Despite remarkably fierce political differences, the commitment of their marriage has rested in two other things:  love and bigger common agreements.

Resting on our common, core commitments.

One of their secrets has been choosing to focus more on areas of agreement – especially the most important ones.  As one journalist summarized, James and Mary “have three things in common: their college-age daughters—Matty and Emma—and their hometown, New Orleans. Turns out, that’s enough.”

In one interview, Mary says, “Our marriage isn’t a democracy. We have a higher calling and responsibility to our family. Considerations in marriages are way different than considerations in politics.”

She elaborates, “Our core values are in sync; it’s just our ways to get there that differ. The thing we’re most at loggerheads about is if there’s a problem, he sees a government solution. I see sometimes a public-private partnership, but largely decentralized private solutions.”

Despite major differences, their marriage has thrived for many years.  In explaining why, Mary summarizes, “Our basic philosophical thrust about the level of government interaction is diametrically opposed, but our love for policy and politics and the need for informed citizenry and participatory democracy is the same. That we disagree on policy was tough, but it’s not one of those deal-breakers. We’re very practical in our local politics, and we’re philosophically opposed on the role and scope of government, but we love each other. What can I say?

Affection deeper than the differences.

In their book, James writes, “I knew Mary was nuts a long time ago. But I loved her in spite of it — and probably because of it.” Later he writes, “I’d rather stay happily married than pick a fight with my wife over politics.” In an interview, James says, “We have an advantage over a lot of people because we’re in love with each other. You know, at the end of the day, that’s kind of a big advantage.”Mary adds, “In our case, I don’t care what our problems are, we’re never gonna not love each other, we’re never gonna get divorced, and we’re never gonna do anything that will jeopardize the happiness of our children.”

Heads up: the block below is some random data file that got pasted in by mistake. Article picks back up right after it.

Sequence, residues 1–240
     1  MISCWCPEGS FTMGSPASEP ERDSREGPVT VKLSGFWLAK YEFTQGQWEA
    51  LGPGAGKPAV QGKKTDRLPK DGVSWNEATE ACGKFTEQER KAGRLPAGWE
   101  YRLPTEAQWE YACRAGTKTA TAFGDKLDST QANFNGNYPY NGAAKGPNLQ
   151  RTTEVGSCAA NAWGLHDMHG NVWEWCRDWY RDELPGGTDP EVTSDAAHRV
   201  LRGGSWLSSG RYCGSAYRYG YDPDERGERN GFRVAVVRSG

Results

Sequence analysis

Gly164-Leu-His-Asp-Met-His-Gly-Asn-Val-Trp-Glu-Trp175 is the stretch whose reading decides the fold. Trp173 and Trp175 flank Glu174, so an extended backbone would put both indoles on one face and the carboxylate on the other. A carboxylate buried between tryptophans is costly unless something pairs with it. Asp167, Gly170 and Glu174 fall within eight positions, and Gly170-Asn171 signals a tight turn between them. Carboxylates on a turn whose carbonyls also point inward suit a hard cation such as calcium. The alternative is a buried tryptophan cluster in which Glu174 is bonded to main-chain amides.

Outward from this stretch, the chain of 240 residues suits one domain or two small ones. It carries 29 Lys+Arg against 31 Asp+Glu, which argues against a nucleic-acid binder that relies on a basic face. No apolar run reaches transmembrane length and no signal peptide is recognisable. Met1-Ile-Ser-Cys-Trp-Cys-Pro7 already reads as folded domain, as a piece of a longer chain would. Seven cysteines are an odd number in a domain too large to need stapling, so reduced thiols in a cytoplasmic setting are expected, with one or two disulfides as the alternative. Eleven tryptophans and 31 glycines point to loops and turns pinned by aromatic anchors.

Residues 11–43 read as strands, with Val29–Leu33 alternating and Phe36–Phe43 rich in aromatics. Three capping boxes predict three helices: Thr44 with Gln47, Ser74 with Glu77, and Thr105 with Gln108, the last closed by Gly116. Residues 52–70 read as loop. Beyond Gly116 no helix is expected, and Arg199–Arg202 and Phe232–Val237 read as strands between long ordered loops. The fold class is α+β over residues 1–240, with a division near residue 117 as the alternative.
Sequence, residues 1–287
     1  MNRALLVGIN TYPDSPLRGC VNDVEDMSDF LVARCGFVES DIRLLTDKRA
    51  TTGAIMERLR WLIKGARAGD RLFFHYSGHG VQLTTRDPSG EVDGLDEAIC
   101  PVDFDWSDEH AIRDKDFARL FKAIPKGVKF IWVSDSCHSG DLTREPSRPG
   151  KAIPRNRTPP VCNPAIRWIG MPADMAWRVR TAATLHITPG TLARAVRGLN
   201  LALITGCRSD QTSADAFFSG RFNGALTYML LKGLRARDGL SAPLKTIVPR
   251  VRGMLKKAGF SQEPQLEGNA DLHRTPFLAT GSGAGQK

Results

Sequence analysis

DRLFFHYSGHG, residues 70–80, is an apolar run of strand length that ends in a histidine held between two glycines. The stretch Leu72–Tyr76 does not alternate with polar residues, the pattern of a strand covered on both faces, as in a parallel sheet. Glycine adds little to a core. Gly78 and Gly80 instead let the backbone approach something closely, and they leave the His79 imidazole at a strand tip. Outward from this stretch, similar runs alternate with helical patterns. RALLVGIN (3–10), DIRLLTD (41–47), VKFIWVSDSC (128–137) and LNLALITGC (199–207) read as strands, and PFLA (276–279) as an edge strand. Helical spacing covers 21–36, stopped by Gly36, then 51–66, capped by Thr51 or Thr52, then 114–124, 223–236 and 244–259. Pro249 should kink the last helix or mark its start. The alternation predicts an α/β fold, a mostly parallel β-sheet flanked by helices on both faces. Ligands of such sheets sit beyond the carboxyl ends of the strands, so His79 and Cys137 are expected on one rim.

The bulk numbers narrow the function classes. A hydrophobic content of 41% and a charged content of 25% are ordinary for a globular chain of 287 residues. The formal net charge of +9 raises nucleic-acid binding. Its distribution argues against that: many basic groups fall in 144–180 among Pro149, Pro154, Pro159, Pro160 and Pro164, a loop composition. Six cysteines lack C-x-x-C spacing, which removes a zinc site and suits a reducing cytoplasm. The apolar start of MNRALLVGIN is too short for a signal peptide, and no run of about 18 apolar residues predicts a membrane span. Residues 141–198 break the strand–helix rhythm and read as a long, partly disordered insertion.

So, what do they love about each other?

Mary on James: “I like that he’s relentlessly honest in the projects he chooses to work on. He’s ethical; he’s well humored; he’s rational. He honestly believes his opinions. What I most love about my husband has nothing to do with politics. He helps everybody. He’s a giant soul.”

And James on Mary: “She is very smart and very loyal. She has a really broad skill set. She almost likes to go against the wind.”James notes that a person’s politics is not the sum total of attributes that make up his or her character – adding, “You don’t change anybody’s view of politics…You can only change their view of you.”

Swimming against the current.

As inspiring as all this is, such affection and appreciation for common ground is clearly harder and harder to find for most people – especially  because of what’s happening around us.  In one interview, James says, “There is a lot of acrimony and people talking through or at each other. But the public kind of demands it. Negative partisanship is pretty proven. It’s not so much that they like their own party, but that they detest the other party.” Mary adds, “Compromise has become an empty word — it means capitulation.”

Within this larger atmosphere, Samantha Durst has written “We need the political equivalent of couple’s therapy, and that’s essentially what James Carville and Mary Matalin” offer – suggesting that their relationship “show[s] that political differences are not an unscalable wall that only serves to divide us” – thanks to their own “very real example of people with different political views working and raising a family together.”